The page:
The impact of this sexual assault on the Plaintiff by another older student at the School was devastating. Earlier intervention could have not only prevented a negative domino effect across the Plaintiff’s world, but also would have likely avoided other children being affected by his early sexualised behaviour. It also stands to reason that if Z had received earlier support and intervention (whether at this school or any other previous educational or support services), that the Plaintiff may not have been subject to his actions in the first place. 

Sexualised Behaviours In Children – Recognising The Need For Support, Early Intervention & Protection

At Safe Space Legal, we are often contacted by Schools and other organisations to provide advice on how to protect children from sexualised behaviours of other children and young people.  The Royal Commission into Institutional Responses to Child Sexual Abuse ( found that 14.1% of survivors who gave evidence in the Royal Commission were abused by another child. 

Anecdotally we are aware that sexualised behaviours are prevalent across all age groups and services that involve children and young people. It is therefore important for organisations to understand what sexualised behaviours are, when sexualised behaviours are of concern- recognising and promptly addressing indicators of harm.

What Are Sexualised Behaviours In Children? What Is Age Appropriate, And What Isn’t?

As all children develop, they are likely to exhibit some types of sexualised behaviours from time to time. This is completely normal and a natural part of growing up.  Engaging in some sexualised behaviour is a healthy part of childhood development and is considered normal and formative for a child’s development as they engage in age-appropriate exploration of themselves and the world.  However, in other cases, sexualised behaviour can be concerning and place children at risk of harm.

Age-appropriate sexualised behaviours in children can include touching themselves, being interested in other children’s anatomy, talking about their bodies, enjoying being naked, telling rude jokes, discussing sex and reproduction, kissing and flirting, and mimicking other age-appropriate behaviour.  Age-appropriate sexualised behaviour in adolescents can include masturbation, intimacy with other adolescents, engaging in age-appropriate sexual discussions, and having intercourse.

Sexualised behaviours are considered problematic and harmful if they involve sexualised conduct which is persistent and chronic and can include conduct such as forcing other children to engage in sexual activities, engaging in sexual activities that are not age-appropriate, having advanced sexual knowledge, having an interest in pornography, excessive masturbation, penetrating themselves or others with objects, and peeping.

Problematic sexualised behaviours may be an indicator of harm due to witnessing or being the victim of sexualised trauma and other harmful events, exposure to family violence, exposure to sexual abuse, and lack of appropriate caregiver supervision.  Children living with disability can also display sexualised behaviours which are considered problematic due to their understanding of age-appropriate public and private behaviours being impacted, which is why attention, care and education are key.

Organisations have a duty of care to mitigate the risk of children and young people engaging in sexualised behaviours, from engaging in harm against themselves or other children and young people. Showing early signs of sexual maturity and awareness is not in itself a risk, and can even be attributed to growing up in an environment where sex is not seen as a taboo, but a healthy part of life. It’s looking at the bigger picture and observing whether these behaviours are caused by harm to the child, or causing harm to others.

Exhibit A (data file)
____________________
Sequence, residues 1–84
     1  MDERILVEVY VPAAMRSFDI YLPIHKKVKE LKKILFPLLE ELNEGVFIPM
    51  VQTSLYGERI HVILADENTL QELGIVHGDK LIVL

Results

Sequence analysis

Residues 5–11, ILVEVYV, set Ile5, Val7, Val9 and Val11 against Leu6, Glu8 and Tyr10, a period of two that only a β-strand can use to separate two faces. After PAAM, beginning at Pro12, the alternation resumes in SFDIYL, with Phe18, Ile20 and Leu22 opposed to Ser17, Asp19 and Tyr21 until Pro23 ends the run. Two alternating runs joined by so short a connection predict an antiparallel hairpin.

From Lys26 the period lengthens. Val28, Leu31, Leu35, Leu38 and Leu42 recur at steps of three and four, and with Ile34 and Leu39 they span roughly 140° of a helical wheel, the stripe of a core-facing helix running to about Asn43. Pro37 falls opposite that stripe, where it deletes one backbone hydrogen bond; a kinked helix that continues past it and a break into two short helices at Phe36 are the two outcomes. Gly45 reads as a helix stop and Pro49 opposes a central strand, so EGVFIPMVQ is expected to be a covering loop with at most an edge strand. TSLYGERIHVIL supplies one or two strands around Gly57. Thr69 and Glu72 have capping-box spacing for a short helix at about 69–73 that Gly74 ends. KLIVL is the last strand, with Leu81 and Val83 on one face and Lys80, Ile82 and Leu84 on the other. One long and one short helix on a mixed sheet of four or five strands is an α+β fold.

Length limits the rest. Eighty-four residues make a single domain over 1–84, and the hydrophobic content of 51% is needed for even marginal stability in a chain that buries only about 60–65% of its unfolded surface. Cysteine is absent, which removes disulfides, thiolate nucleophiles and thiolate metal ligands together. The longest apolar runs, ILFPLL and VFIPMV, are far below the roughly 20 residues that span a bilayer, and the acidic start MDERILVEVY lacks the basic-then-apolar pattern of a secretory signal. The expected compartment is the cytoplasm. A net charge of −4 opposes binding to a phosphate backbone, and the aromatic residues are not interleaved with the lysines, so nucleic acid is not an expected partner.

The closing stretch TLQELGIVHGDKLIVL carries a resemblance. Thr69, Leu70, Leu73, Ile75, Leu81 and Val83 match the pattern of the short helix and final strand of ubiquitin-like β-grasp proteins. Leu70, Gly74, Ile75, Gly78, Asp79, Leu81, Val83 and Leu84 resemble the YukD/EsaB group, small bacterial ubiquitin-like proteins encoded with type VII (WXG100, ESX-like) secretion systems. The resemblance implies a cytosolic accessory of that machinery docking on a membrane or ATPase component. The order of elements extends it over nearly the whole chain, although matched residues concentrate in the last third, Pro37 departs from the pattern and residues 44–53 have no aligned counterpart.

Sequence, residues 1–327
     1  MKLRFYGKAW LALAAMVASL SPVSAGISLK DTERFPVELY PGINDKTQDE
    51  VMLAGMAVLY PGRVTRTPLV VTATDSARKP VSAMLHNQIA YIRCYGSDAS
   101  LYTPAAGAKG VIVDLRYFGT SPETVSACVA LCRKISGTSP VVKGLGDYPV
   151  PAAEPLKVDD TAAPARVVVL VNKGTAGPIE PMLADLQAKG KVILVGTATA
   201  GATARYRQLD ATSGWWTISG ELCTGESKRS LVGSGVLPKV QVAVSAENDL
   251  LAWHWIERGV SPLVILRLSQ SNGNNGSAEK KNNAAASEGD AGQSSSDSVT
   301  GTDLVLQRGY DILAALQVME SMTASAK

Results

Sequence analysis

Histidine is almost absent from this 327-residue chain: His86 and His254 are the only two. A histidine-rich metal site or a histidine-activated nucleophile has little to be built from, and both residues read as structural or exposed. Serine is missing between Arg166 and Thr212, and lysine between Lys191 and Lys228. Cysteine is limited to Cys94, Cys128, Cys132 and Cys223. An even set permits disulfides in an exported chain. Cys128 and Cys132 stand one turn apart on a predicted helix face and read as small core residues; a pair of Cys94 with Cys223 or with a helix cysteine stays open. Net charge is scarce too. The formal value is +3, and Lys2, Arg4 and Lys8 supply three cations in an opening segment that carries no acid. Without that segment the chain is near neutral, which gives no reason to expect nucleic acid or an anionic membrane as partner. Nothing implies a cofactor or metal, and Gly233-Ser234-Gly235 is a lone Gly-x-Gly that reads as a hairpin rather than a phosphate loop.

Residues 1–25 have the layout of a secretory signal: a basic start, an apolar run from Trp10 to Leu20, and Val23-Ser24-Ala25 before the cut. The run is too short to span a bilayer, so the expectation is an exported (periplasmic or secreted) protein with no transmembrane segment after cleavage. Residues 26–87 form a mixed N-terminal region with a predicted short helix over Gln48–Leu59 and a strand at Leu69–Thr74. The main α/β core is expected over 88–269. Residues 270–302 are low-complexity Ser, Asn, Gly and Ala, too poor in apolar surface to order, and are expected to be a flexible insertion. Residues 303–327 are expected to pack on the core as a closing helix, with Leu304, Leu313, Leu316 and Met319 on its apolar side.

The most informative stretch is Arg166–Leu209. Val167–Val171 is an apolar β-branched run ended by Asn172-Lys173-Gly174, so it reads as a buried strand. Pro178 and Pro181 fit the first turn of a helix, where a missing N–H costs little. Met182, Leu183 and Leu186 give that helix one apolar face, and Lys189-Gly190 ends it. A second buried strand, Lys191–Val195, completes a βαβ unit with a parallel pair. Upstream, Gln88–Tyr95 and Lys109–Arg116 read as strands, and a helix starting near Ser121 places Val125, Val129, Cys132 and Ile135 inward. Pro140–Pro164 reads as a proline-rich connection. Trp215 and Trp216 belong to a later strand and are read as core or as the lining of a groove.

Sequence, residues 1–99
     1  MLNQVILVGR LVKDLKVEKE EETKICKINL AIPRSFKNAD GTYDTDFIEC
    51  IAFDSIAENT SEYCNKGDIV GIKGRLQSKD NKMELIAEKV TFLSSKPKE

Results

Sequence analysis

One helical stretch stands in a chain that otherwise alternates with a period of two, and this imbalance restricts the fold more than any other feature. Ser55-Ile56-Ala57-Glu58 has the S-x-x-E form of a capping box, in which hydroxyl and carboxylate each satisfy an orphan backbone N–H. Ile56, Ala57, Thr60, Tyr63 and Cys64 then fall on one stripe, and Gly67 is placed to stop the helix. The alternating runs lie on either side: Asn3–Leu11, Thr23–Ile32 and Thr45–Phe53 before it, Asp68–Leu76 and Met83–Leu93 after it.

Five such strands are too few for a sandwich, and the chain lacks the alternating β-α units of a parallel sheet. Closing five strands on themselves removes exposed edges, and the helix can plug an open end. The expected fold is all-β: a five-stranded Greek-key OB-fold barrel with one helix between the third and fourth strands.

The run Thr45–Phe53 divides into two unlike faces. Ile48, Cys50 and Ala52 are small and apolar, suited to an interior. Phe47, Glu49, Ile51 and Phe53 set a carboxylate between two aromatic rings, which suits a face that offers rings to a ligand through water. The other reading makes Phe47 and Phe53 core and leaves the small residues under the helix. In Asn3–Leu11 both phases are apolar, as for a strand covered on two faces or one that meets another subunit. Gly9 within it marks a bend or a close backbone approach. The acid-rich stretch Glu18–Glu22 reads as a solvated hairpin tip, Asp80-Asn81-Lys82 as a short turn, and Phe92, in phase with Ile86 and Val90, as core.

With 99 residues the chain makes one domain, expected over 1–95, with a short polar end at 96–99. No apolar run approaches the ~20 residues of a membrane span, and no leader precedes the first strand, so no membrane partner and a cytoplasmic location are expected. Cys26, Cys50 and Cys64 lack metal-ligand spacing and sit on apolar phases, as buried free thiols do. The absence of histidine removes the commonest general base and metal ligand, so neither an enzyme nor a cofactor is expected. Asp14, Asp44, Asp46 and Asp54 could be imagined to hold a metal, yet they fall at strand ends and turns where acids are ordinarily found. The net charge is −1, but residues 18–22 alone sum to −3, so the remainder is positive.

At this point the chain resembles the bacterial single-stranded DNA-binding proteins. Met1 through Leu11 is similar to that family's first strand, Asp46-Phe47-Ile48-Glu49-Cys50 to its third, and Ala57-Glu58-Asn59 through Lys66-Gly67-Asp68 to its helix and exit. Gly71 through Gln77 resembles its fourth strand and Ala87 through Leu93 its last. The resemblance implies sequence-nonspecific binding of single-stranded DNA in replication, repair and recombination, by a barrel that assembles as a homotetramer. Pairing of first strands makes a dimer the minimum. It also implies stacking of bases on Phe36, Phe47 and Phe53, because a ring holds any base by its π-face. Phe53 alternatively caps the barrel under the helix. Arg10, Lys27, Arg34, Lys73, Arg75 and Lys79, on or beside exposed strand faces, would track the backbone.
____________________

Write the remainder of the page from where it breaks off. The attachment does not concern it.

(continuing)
A Final Note On RJ bht RPC v State of New South Wales

This matter is yet another example of how vital it is for organisations to provide a supportive environment that safeguards children’s needs. It is saddening to understand how many cases like this (many of which never make it to the courtroom or media) could have been prevented or greatly minimised if someone had acted early and intervened before a child’s life was deeply affected.  

If you are reading this and work with an organisation responsible for the care and protection of young people or vulnerable individuals, we urge you to take steps to become a safe space for those whom you have a duty of care to. We believe this goes beyond legal compliance and preventing negative media exposure and serious legal consequences – it’s the right thing to do when you have the privilege and responsibility of taking care of the most vulnerable in our society.   

How Can Safe Space Legal Help Your Organisation?

Our team is truly passionate about the work we do and has extensive experience working with organisations across Australia. We help ensure organisations meet their legal duty of care obligations when working with children and young people and are proactively preventing serious incidents like the one above. 

We offer a large range of services for organisations working with children and people living with a disability, including:

  • Drafting child safety policies, procedures, codes of conduct and complaints-handling processes that are compliant with legislative requirements;
  • Providing tailored child safety training on legal obligations, duty of care, reportable conduct schemes and child safety;
  • Conducting child safety and safeguarding investigations which are compliant with relevant state and territory Schemes;
  • Providing expert legal advice on safeguarding and child safety matters;
  • Conducting audits to recognise practice and policy gaps and improve organisational safeguarding; and
  • Root cause analysis of child safety incidents to improve organisational safeguarding and compliance with legislative obligations.

Contact [email protected] or call (03) 9124 7321 to organise a complementary discussion in relation to your organisation’s child safety and safeguarding needs.

To Top